Headaches can be quite a pain…literally…. and given the fast paced, stressful lives we now live it’s really not that surprising that many of us suffer from them in varying degrees. If you do suffer from headaches it’s important to know that there’s different kinds which means there’s different ways of treating them.
Let’s start with the worst of the worst… Migraines. As a sufferer of migraines I will tell you that the excruciating pain of a migraine comes second only to childbirth as far as I’m concerned. Generally they seem to affect women more than men, that’s mainly due to hormonal changes, and they pain is often localised to one side of the head and can be accompanied with nausea, vomiting, tingling sensations in the arms, visual disturbances a sensitivity to both light and sound and in some rare cases it can affect speech.
The first thing to consider is avoiding triggers such as high histamine foods, late nights, stress, muscle tension, caffeine and also ensuring you’re getting good quality rest and relaxation and taking time out to reduce stress.
Feverfew is a herb which has success for a number of people with the ability to reduce the intensity and frequency of migraines so is taken daily as a preventative measure. Essential fatty acids will also help to reduce inflammation in the body, ginger tea can also help calm down the symptoms.
Then there’s the good old fashioned tension headache which is usually brought on by stress, staring at a computer muscle fatigue and muscle contractions in the neck and head. You’ll know them by their dull, steady pressure, almost like someones tightening a rubber band around your head and they can last anywhere from 30 minutes to 1 week.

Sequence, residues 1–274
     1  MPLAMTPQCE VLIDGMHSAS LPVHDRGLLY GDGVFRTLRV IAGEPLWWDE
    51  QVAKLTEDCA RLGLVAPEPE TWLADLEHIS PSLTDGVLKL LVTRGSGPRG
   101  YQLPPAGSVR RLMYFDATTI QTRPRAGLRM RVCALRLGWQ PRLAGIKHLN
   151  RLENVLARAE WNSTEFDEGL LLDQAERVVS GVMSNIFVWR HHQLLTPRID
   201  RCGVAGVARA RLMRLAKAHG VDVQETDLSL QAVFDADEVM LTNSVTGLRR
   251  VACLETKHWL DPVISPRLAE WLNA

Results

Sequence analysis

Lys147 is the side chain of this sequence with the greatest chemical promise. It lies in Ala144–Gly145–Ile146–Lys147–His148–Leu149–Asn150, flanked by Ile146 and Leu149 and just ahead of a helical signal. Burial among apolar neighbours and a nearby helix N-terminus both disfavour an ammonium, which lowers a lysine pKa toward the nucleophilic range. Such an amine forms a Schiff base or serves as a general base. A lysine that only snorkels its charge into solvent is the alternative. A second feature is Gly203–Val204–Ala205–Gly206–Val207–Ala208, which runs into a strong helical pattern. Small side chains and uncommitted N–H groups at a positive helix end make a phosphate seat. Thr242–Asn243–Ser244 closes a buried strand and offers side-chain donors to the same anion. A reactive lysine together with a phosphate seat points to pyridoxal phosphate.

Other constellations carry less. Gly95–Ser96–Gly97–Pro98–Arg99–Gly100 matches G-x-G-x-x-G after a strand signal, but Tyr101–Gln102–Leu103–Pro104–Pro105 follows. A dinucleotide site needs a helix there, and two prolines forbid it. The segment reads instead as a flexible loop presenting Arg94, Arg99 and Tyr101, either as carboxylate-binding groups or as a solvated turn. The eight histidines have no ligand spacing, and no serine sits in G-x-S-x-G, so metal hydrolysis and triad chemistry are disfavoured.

The best way to deal with them is to take magnesium to relax the head, neck and shoulder muscles, stretch regularly, especially if you sit at a computer all day, have regular massages, learn to meditate (even if it’s only for 5 minutes a day – download an app to help you) and use warm compresses on your neck and shoulders to loosen the muscles.
Finally we have cluster headaches which are agonising and some would say are even more debilitating than migraines… They’re often triggered by drinking, smoking, stress, and typically come in episodic clusters with bouts of pain lasting for weeks or months followed by some periods of remission.
Symptoms will include excruciating pain, usually around the eye but it can be in the face, neck and shoulders plus you may also experience a drooping eyelid and reduced pupil size. Lying down will often make the pain worse and it’s thought that they’re a result of an imbalance in the hypothalamus gland. It’s also been shown that those prone to cluster headaches can also have abnormal levels of melatonin and cortisol during the attack and unlike migraines men seem to suffer more than women.
The key is then to practice the art of prevention by ensuring a regular sleep pattern is developed, drink plenty of water and herbal tea, cut back on caffeine and alcohol and quit the cigarettes. Plus make sure you keep up with the magnesium to keep muscles relaxed.
If you do suffer from constant headaches and some of this rings true for you it’s probably also a good idea to see your health professional to get a proper diagnosis.
Until next time, stay calm and stay healthy.